Why is this subject important to listeners?
It is important because farmers should be financially literate. In other words, they should possess the skills and knowledge to make informed and effective decisions regarding finances related to the following issues:
- Available agricultural support funds.
- Available financial institutions, both government and non-governmental organizations.
- How to access agricultural finances and financial assistance.
- How to make good decisions about the various types of loan products.
- Charges related to loans.
- Requirements for access to finances.
- How to manage agricultural finances.
- The requirements and benefits of agricultural financial service providers.
- The kinds of behaviour and practices that can increase their chances of accessing agricultural finances.
What are some key facts on finances for farmers?
- Agriculture is the largest employer in Nigeria and, according to the National Bureau of Statistics, accounts for about 23% of Nigerian Gross Domestic Product–8.99 trillion Nigerian naira, and employs 70% of the Nigerian labour force.
- There are many challenges to the growth and development of agriculture in Nigeria and chief among these is agriculture financing.
- The World Bank forecasts that by 2030, the food market in Africa will grow to be a US$1 trillion industry. Nigeria will need to intensify its investments in improving crop yields and integrating the value chain, which includes investing a wide range of activities:
- developing and distributing improved seeds and hybrid livestock,
- support farmers with agricultural modernized tools,
- encourage, train, and retrain farmers on modern agricultural skills through farmer organizations,
- educate farmers on post-harvest handling and improve the local processing and storage of harvested crops, and the best means of transportation,
- provide finances for farmers; and
- collate feedback from the markets over the next decade to capture a significant share of this trillion-dollar market.
All this is possible with the support of partners such as the bank of agriculture, commercial and microfinance banks, farmers’ associations, non-profit/non-governmental agencies, and efforts by federal and state governments to provide farmers with education, subsidies on chemical fertilizers and pesticides, and improved seeds.
- Enhancing agricultural productivity through adaptation of new technologies and innovations is necessary to ensure food security and nutrition.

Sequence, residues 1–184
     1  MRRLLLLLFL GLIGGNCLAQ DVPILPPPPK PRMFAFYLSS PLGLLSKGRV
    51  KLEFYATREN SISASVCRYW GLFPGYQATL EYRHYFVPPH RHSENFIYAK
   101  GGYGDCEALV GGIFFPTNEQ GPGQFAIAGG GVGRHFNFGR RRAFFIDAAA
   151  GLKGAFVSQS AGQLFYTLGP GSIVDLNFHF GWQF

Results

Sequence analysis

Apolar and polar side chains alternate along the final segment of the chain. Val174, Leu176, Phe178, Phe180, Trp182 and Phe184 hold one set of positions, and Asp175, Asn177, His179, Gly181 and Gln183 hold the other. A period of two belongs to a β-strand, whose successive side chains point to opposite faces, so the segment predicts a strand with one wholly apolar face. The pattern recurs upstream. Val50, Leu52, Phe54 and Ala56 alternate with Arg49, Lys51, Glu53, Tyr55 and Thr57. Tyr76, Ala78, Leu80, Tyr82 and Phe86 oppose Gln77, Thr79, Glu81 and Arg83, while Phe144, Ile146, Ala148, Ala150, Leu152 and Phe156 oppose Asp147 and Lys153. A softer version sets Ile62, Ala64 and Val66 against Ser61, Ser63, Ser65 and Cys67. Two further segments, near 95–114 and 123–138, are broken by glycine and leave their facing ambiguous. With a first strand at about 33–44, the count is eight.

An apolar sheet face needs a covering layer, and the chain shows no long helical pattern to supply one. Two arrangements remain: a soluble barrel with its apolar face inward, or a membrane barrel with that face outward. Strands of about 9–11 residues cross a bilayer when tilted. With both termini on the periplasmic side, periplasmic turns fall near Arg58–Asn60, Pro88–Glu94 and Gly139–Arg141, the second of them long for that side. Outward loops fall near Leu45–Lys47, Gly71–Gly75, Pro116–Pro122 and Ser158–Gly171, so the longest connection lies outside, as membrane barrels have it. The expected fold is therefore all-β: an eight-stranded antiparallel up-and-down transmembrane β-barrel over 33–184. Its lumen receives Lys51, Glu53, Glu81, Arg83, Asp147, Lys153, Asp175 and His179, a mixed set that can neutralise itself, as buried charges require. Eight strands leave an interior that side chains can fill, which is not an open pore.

- According to the Alliance for a Green Revolution in Africa (AGRA), Africa requires over US$300 billion in public and private investments in agriculture over the next decade.
- By 2050, demand for food will increase by 70% globally. To meet this demand, at least $80 billion in annual agricultural financing will be needed to enable farmers to increase their food production to feed nine billion people.
- Financing for farmers enable them to use newly developed seeds, combined with inputs such as fertilizers, appropriate levels of plant protection chemicals (pesticides), feed mills, grain storage silos, water pumps, new boreholes, and SMS-mediated booking platforms such as Hello Tractor and Probity Farms.
- Effective financing for farmers will increase food security and lower the high cost of importing food.
- The rise in global population and a change in middle-class dietary preferences in developing countries towards higher-valued agricultural products such as poultry products (egg and meat), wheat flour, well-processed rice, and Irish potatoes means that there is an increasing need to invest in agriculture. Finances for farmers will help strengthen agro-businesses and boost the productivity of scarce resources. This will result in increased productivity and affordability of food crops such as rice, yam, Irish potato, and poultry products, which have become scarce and almost unaffordable for low-income earners.
- Developing and commercializing agriculture requires financial services that can deliver large investments in agriculture and agriculture-related infrastructure over the long term.
What are the big challenges of finances for farmers?
- The process of receiving financing for agricultural activities in Nigeria is complicated and lengthy. For example, the AGSMEIS (Agri-Business, Small and Medium Enterprises Investment Scheme) and NIRSAL (Nigeria Incentive-based Risk Sharing System for Agricultural Lending) schemes were launched over two years ago, but farmers have only recently started receiving funds.
- The process of receiving funds is complicated and burdensome. For example, busy farmers must take 3-4 weeks off to attend courses on entrepreneurship so that they can present an entrepreneurship certificate to obtain funding.